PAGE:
When caulking, what can help sealants adhere to substrates before the sealant cures? Again, The Ins and Outs of Caulking has the answers for homeowners, telling them that tooling assures uniform sealant contact with each of the substrates and works air bubbles from the sealant. Tooling usually results in a more aesthetically pleasing joint as well. What tools?
As the photo shows, homeowners have some sophisticated choices for tools: fingers. Big box stores sell caulking tools, although a plastic spoon is usually satisfactory.
Emulsion acrylic sealants are the easiest to tool. Water is usually used as a tooling liquid (lubricant), and excessive adhesion to the wetted tooling device is rarely a problem. Polyurethane sealants often adhere mightily to tooling devices and thus usually require a lubricant on the tooling device. Some manufacturers of polyurethane sealants allow water or soap solution for tooling; others prescribe proprietary tooling lubricants. Silicone sealant manufacturers usually recommend dry tooling, although some may recommend a tooling lubricant. With some sealants, a tooling lubricant requires that the joint be completely filled prior to tooling.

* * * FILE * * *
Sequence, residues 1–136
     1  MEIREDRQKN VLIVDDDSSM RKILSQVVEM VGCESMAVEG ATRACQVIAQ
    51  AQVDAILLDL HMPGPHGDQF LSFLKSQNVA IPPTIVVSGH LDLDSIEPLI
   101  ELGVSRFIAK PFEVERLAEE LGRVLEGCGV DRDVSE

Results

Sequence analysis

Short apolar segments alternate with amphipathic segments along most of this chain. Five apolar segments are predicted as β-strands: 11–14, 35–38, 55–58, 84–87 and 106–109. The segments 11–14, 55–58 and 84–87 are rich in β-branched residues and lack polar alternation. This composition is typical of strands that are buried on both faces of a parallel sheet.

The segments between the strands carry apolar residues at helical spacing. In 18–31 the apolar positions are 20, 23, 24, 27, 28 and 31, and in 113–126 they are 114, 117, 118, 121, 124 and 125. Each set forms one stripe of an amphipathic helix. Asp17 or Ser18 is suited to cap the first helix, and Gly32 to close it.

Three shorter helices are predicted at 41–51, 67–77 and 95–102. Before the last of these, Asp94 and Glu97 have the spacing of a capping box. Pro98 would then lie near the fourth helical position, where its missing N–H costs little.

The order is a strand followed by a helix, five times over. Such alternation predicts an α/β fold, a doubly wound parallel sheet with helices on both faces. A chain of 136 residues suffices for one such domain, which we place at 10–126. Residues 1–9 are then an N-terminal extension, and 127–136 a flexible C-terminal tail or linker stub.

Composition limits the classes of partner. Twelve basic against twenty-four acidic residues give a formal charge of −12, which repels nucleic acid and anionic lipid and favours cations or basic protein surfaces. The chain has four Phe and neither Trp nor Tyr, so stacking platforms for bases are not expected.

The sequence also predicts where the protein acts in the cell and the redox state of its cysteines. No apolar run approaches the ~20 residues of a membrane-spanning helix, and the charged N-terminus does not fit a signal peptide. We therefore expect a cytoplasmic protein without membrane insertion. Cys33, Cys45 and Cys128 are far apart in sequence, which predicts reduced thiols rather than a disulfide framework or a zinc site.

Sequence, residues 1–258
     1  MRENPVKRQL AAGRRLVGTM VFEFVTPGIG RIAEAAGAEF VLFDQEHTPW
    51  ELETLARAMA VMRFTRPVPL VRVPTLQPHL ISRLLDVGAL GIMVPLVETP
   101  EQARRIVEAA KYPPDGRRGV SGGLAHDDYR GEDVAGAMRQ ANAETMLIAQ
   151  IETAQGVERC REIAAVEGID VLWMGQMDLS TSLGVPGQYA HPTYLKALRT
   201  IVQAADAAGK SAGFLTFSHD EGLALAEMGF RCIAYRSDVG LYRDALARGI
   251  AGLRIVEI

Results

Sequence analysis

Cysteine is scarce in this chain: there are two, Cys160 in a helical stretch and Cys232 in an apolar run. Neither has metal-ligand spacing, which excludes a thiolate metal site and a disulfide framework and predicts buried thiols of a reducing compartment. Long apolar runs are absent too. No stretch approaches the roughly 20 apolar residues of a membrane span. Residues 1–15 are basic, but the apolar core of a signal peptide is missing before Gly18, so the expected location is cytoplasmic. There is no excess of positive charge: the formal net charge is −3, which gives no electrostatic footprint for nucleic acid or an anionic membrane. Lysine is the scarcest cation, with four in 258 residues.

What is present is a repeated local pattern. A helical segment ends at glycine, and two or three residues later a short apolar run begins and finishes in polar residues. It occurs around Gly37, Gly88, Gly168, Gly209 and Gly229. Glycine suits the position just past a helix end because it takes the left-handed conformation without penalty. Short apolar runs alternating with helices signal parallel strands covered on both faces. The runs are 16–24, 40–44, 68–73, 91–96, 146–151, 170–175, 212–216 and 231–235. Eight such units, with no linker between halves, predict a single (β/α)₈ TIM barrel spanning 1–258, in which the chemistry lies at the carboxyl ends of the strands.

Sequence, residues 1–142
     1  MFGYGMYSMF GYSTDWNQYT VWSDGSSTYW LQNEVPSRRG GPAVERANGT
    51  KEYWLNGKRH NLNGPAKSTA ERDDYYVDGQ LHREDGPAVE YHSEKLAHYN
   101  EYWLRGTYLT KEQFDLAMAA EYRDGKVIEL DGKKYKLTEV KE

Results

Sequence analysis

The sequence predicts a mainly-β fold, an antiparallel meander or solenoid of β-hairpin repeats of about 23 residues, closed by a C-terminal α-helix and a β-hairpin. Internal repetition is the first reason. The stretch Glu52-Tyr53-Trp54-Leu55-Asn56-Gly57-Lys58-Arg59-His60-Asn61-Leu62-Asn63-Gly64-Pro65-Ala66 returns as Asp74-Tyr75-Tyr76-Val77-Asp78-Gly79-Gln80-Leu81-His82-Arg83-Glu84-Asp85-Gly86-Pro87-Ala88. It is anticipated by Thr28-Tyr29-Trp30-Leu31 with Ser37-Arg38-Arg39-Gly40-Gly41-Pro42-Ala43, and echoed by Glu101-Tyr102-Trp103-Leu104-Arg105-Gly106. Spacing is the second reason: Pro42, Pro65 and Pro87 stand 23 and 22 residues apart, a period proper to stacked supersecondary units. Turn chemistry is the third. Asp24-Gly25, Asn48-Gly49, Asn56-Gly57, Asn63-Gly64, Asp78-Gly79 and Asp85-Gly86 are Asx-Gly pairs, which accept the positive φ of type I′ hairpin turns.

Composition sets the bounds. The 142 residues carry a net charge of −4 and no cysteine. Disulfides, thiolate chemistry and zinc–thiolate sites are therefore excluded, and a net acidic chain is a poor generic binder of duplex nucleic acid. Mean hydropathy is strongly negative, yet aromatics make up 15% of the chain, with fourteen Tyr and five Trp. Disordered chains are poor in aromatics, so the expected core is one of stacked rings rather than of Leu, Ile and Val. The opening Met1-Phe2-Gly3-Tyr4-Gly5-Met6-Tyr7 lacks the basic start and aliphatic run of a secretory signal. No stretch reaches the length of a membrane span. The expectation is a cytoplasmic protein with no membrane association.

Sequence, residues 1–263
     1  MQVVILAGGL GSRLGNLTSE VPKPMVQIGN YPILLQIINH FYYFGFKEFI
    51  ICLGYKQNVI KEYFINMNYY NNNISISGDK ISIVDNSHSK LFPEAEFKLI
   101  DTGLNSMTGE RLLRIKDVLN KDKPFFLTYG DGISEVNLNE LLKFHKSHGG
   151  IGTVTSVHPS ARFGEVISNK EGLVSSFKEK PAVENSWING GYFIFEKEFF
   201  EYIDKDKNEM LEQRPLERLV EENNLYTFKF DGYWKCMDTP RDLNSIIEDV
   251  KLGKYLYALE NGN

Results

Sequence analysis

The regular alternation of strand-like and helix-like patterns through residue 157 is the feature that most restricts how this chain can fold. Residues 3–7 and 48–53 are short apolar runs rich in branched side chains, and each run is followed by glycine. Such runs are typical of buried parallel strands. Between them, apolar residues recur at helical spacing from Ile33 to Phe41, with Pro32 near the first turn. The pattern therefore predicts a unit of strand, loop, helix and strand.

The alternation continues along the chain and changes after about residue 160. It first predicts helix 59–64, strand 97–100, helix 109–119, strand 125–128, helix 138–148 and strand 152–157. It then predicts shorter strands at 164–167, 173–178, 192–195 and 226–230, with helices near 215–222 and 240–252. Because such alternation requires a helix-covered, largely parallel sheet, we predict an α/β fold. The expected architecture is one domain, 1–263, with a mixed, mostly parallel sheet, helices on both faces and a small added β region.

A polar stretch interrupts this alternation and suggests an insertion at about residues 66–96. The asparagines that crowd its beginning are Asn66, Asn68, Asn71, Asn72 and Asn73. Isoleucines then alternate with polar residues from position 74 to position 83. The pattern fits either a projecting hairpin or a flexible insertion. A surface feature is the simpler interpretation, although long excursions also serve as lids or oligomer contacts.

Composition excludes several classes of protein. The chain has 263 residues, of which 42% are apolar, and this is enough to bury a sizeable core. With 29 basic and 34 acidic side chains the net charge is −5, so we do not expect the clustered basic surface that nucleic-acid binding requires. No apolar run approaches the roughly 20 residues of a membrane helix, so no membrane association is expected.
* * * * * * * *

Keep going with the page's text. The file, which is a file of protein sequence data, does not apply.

Lubricant on the surface of just-tooled sealant or on substrate surfaces may interfere with sealant cohesion or adhesion, respectively, if additional sealant is placed in the joint. Because latex acrylic sealants use water as both a suspension agent and a tooling lubricant, they are relatively immune to this problem. Experienced professional tradespersons rarely try to tool underfilled joints.
In contrast, relatively inexperienced homeowners can reasonably be expected to sometimes make (and have to correct for) this error. The purpose of tooling is to improve adhesion between the sealant and the sides of the joint. Tooling will coincidentally push sealant back into the joint. One of the functions of backing material is to prevent excessive depth of sealant in tooled joints.